Jacqui Saradjian, a consultant clinical psychologist, is ‘currently Head of the City Wide Forensic Service for Leeds Community and Mental Health Teaching Trust’. She ‘teaches regularly on the post-graduate doctorate training course for Clinical Psychologists at Leeds University’, and she ‘speaks and trains nationally and internationally on various aspects of child abuse; particularly on the effects on victims, males and females, of their experiences and the motivations and behaviours of perpetrators of abuse, male and female’. Her ‘specialist area of research’ involves ‘women who sexually abuse children and also the specific effects of that abuse on their child victims’ (11).
Judith Jones, according to the biography, ‘has been a social worker, senior manager, trainer in and consultant to local authorities, the voluntary sector and as an independent professional’. She has been ‘a social worker for the London Borough of Croydon, Luton and Dunstable Hospitals and a Senior Manager for Nottinghamshire Social Services Department where she was Principal Professional Officer for Child Protection’. She ‘now works as an independent social worker, consultant and trainer in Child Protection’, she is ‘on the Law Society’s Expert Witness Register’, and she is also ‘a visiting research fellow at [sic] Child and Women Abuse Studies Unit at the University of North London’ (12).
What is not in Judith Jones’ biography is that she works closely with the influential feminist Beatrix Campbell, who was a key figure in the discussion of the Cleveland child abuse scandal 15 years ago. Jones and Campbell co-wrote the play ‘And all the children cried’, based on Moors murderer Myra Hindley, which caused controversy earlier this year (13). Richard Webster points out that, after the Independent Review Team’s report was published in 1998, Campbell told her readers in the Daily Express that a ‘stringent’ inquiry had found ‘persuasive evidence of sadistic and sexual abuse of up to 350 children’ (14).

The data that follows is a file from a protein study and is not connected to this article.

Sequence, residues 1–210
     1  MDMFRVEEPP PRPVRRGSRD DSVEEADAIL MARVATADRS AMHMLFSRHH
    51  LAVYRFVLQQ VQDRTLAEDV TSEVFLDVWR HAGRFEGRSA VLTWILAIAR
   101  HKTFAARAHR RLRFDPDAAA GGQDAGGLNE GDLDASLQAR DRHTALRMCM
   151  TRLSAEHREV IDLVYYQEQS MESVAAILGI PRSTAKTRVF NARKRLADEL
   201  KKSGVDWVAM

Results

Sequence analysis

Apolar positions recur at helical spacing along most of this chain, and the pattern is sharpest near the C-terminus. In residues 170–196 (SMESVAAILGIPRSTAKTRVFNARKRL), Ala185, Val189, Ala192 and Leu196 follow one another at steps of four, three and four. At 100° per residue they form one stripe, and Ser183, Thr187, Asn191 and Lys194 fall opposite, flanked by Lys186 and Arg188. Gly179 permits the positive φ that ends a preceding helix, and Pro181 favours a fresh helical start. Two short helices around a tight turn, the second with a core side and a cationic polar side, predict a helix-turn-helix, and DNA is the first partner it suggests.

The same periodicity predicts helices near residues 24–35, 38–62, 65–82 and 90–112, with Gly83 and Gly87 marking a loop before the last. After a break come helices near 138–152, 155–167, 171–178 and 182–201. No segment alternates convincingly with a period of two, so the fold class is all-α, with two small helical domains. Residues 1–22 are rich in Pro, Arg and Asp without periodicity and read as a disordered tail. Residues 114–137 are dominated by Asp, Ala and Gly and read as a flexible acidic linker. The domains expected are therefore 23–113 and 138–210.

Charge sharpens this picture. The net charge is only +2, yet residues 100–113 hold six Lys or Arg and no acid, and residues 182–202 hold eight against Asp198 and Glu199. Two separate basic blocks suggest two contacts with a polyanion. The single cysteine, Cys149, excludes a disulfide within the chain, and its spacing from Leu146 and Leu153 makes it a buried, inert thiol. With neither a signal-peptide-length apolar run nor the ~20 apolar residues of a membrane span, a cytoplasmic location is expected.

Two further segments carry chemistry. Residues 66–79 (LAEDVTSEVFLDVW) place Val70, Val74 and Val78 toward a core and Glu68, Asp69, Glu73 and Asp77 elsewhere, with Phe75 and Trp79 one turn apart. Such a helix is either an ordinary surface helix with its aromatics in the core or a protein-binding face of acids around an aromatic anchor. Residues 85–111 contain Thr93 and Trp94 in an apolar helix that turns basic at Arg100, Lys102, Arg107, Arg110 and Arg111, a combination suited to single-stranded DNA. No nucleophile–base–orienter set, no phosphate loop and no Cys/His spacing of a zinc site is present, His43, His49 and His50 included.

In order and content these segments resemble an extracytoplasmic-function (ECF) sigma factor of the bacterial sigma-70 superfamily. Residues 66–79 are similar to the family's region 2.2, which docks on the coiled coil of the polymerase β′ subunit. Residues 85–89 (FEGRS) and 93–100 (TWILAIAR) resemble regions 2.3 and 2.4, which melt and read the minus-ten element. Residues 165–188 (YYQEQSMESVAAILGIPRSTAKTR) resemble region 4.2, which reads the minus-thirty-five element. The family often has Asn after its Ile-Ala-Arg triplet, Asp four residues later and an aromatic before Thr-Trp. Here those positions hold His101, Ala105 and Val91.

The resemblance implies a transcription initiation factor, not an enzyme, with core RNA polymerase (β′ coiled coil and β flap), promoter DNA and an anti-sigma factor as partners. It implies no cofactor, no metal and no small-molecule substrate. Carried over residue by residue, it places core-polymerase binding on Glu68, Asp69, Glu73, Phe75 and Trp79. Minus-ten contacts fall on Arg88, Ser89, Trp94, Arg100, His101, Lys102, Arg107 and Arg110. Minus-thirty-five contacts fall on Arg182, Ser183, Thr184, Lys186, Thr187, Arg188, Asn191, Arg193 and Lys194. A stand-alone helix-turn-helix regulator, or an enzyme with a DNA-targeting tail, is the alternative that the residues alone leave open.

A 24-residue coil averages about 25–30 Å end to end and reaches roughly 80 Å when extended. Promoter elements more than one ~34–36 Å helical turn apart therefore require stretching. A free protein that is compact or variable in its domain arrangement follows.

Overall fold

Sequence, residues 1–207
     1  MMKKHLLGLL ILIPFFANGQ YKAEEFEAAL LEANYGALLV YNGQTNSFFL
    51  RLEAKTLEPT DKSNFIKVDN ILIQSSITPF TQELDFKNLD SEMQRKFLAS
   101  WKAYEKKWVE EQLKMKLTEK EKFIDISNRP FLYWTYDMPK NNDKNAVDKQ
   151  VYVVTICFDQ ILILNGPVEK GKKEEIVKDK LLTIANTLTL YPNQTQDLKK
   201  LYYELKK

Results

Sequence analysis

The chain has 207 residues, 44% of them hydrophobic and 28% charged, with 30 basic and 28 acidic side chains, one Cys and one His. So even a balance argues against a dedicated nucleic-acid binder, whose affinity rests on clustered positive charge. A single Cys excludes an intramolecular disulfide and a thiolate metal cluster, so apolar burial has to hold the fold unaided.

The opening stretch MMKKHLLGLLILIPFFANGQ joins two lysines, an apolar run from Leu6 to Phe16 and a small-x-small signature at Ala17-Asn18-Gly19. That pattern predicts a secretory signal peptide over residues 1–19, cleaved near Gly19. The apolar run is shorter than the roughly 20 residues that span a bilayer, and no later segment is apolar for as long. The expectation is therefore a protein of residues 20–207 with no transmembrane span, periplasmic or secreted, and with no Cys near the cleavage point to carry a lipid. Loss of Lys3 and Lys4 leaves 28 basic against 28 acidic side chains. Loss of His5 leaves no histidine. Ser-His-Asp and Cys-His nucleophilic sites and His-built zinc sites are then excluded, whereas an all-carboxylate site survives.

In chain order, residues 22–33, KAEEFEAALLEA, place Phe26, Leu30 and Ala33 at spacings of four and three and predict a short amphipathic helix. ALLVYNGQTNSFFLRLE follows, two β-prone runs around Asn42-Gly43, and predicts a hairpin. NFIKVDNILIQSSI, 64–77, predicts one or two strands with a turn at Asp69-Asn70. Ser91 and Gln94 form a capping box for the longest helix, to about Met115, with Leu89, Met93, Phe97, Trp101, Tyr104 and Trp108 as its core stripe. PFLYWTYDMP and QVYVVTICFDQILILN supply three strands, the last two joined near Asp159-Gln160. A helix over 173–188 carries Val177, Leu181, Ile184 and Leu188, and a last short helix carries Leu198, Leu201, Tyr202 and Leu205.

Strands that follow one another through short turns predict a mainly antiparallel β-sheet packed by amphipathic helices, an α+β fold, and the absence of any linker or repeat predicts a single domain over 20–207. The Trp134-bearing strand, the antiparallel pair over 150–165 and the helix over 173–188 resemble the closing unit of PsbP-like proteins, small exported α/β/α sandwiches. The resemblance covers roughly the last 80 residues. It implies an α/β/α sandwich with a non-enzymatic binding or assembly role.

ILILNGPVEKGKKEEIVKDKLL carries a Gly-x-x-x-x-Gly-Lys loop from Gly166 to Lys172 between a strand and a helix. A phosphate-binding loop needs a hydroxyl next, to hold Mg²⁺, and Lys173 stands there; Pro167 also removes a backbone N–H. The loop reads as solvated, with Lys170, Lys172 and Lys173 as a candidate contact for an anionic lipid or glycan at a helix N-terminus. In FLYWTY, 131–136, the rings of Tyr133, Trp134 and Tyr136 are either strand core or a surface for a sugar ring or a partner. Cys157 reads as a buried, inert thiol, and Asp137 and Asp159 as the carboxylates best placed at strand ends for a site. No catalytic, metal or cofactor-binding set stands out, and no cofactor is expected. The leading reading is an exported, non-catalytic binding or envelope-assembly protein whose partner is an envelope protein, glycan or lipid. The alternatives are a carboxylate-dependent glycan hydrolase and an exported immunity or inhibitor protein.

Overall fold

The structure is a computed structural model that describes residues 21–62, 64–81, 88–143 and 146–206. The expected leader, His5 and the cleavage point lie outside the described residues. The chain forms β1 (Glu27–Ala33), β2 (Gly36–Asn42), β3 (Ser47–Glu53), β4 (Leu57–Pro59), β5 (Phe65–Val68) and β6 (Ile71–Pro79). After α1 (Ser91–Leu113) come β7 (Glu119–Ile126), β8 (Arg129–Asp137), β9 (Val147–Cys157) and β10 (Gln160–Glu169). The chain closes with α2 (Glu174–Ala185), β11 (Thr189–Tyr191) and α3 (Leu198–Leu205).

Another fact that is not in Jones’ biography is provided by the Daily Mail: ‘Judith Jones – formerly Judith Dawson – was a leading figure among social workers who became convinced that a group of young children were being sexually abused by devil worshippers in Nottingham in 1989. Police found no evidence to support this claim.’ (15)
A statement sent to me by Newcastle City Council on 1 August 2002 says: ‘Under her previous name of Judith Dawson, Judith Jones was professionally involved in a major child abuse case in Nottingham in 1990.’ (16) The case resulted in a criminal prosecution, and nine adult convictions for serious sexual and physical abuse of very young children. The statement claims that: ‘Following the case there was disagreement between the agencies involved as to whether the abuse involved ritualistic elements’, and that: ‘The best source of information about the case is a public statement published by the Director of Social Services for Nottinghamshire on 7 November 1990, which is available from Nottinghamshire County Council.’ When I contacted Nottinghamshire County Council later that day, they were unable to locate a copy of this statement.